Value of rice imports rise to GHS 6.8bn

While total rice consumption stood at 1.4 million metric tonnes in 2022, imports valued at US$560 million accounted for 800,000 metric tonnes (mt) of the consumption figure, with domestic production catering for the remaining demand – according to data from IDH Sustainable Trade, a foundation headquartered in The Netherlands.

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The economy spent over GH¢6.8billion (equivalent to US$560million at current market rates) importing rice, a grain that can be produced locally, last year.

While total rice consumption stood at 1.4 million metric tonnes in 2022, imports valued at US$560 million accounted for 800,000 metric tonnes (mt) of the consumption figure, with domestic production catering for the remaining demand – according to data from IDH Sustainable Trade, a foundation headquartered in The Netherlands.

Similarly, according to the Ministry of Food and Agriculture, between 2010 and 2020 the country’s rice imports hit a staggering US$8billion. This, in addition to imports of other food items that can be produced locally, has been a major source of concern for stakeholders.

This high dependence on imports of food staples like rice, despite vast untapped domestic potential, however comes with ramifications for the cedi and local job prospects, warns Country Director for IDH, Robert Asugre.

Just like many other industry watchers and economists, Mr. Asugre is of the view that rising consumption of the grain presents huge opportunities for real value creation and jobs if the right investments and policies on local production are prioritised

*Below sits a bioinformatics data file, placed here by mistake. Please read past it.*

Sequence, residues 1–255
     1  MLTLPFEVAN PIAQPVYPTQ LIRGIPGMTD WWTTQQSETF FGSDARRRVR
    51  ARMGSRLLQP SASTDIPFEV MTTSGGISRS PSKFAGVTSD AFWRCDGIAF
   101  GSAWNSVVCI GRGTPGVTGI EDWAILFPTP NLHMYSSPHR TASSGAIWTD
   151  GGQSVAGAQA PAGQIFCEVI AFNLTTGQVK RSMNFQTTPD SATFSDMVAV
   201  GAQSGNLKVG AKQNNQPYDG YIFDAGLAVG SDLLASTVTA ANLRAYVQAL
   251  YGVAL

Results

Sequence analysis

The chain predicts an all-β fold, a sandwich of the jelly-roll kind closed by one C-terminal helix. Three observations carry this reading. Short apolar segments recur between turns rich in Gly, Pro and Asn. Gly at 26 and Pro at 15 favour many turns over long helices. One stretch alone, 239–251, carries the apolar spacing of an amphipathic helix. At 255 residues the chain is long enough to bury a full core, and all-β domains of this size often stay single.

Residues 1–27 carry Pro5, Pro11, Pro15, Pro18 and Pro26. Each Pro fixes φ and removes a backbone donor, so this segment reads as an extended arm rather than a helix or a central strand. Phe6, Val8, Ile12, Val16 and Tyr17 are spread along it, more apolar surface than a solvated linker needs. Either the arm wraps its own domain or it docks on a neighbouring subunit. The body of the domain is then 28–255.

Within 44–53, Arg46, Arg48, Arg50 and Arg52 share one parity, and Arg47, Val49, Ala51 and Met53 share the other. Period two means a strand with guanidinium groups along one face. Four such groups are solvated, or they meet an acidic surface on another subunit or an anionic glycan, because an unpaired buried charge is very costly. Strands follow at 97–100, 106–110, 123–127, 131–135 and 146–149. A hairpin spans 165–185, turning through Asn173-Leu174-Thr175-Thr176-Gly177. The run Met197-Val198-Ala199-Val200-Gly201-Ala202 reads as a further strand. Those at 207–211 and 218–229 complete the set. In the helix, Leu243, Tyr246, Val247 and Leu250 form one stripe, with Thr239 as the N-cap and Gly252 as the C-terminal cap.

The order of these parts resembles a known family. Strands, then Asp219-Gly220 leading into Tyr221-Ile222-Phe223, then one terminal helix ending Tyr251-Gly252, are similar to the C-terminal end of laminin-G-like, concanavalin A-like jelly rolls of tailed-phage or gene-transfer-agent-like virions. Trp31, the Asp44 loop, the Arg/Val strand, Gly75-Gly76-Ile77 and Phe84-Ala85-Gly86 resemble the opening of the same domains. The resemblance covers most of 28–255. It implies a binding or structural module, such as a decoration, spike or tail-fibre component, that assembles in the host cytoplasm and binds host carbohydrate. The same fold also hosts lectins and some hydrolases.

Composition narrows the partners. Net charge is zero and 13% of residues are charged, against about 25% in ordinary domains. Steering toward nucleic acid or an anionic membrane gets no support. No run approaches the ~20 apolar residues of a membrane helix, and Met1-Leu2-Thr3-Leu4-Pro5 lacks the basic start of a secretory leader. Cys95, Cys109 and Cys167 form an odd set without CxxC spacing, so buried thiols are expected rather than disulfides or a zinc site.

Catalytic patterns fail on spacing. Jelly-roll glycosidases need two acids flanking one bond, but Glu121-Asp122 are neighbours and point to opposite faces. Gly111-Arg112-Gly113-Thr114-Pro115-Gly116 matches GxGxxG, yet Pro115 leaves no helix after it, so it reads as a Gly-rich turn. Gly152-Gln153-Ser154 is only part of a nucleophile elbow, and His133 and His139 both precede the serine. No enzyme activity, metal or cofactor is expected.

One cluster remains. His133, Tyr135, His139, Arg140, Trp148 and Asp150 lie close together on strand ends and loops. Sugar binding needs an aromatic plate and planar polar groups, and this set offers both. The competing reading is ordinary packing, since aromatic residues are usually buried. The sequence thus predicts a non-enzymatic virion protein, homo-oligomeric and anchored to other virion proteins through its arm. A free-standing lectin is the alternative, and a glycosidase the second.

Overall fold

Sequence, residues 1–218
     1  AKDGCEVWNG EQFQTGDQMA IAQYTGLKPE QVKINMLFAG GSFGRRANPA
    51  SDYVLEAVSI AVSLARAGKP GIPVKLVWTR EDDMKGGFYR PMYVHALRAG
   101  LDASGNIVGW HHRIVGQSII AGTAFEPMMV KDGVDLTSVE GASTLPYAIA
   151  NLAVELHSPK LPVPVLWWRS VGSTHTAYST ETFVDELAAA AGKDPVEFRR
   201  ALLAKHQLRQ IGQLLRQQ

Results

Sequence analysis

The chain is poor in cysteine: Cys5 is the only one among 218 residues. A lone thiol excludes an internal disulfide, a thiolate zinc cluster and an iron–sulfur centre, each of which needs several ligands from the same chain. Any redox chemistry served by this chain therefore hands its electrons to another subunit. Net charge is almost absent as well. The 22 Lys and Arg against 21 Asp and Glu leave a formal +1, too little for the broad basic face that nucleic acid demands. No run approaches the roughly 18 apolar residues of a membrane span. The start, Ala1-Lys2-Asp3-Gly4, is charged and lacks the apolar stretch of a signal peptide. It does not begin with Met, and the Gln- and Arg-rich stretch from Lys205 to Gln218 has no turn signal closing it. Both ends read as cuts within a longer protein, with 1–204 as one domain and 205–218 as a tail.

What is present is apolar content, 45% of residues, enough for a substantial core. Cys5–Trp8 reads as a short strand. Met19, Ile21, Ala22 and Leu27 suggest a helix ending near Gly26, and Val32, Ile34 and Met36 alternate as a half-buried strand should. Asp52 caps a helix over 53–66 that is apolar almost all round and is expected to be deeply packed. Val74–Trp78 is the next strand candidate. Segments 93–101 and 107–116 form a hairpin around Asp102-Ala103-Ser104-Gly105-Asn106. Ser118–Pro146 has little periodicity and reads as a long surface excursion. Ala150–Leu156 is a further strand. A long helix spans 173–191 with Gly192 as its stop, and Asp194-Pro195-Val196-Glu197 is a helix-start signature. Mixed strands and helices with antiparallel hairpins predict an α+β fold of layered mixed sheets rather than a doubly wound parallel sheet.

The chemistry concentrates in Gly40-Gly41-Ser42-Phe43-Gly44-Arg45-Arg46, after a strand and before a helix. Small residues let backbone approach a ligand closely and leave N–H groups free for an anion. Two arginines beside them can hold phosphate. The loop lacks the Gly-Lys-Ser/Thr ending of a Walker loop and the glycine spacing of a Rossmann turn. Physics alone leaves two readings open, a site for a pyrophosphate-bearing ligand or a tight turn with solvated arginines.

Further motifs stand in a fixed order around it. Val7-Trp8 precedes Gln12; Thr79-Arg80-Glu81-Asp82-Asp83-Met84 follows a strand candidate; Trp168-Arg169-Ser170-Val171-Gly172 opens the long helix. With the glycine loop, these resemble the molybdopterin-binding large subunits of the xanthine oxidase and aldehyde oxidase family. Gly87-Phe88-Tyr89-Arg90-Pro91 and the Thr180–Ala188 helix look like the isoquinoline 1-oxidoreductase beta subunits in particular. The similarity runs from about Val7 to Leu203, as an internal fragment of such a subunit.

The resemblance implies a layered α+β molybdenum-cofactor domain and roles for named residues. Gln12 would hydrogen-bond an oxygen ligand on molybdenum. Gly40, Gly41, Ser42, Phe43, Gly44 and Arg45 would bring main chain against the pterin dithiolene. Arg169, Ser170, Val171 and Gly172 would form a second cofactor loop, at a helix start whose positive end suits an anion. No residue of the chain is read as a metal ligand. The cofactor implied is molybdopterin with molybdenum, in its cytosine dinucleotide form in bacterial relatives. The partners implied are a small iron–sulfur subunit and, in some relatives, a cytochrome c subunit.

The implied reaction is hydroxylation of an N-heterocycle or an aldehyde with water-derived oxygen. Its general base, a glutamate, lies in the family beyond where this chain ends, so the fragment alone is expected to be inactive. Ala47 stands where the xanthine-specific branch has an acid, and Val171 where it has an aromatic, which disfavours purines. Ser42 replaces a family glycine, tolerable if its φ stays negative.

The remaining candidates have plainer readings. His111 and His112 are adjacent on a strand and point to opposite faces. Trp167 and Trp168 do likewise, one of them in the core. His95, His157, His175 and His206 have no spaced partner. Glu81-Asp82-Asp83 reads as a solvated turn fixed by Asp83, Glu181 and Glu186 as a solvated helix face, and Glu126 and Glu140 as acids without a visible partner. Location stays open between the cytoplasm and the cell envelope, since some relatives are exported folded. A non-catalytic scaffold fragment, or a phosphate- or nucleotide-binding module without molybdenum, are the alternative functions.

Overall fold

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“The rice value chain in Ghana, when supported, will lead to increased commercialisation and improved production of high quality and quantities that are competitive,” he said. This, he added, will help to reduce the impact of rice imports on the economy.

Mr. Asugre spoke on the side-lines of the National Rice Fair held in Walewale in the North-East Region, and called for greater commitments from government and the private sector to ease the import burden on the economy of rice and other foodstuffs which can be produced locally.

Buttressing his point, he said northern parts of the country alone, for instance, have potential to meet the rice needs of Ghanaians if the right investments into infrastructure – including irrigation systems, milling machines and storage facilities as well as suitable policies – can be put in place.

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He added that the result of such investments will have far-reaching impacts on the economy, as it will retain value within as well as creating sustainable jobs for the country’s teeming youth.

Rice has become the second staple food consumed in the country after maize, with production increasing from 48,800mt in 1970 to 925,000mt in 2019; growing at an average annual rate of 9 percent, according to the Food and Agriculture Ministry.

Though the figures depict high potential for growth in local production, challenges including access to finance, skilled labour, shortage of combine harvesters, milling machines and storage infrastructure continuously threaten the crop’s production.

Though one of the first countries in the sub-region to launch the National Rice Development Strategy, challenges still persist – with Ghana having already missed out on its local rice production agenda as part of the Coalition for African Rice Development policy.

That strategy, which was unveilled in May 2008 as the National Rice Development Strategy for the period 2009-2018, aimed at increasing domestic production up to 70 percent and promoting consumption through quality improvement, targeting both local and international markets.

The strategy ended almost four years ago, albeit rather achieving an opposite figure of 70 percent imports with the Ghanaian consuming public still largely dependent on imported rice brands.

Source: norvanreports.com

 

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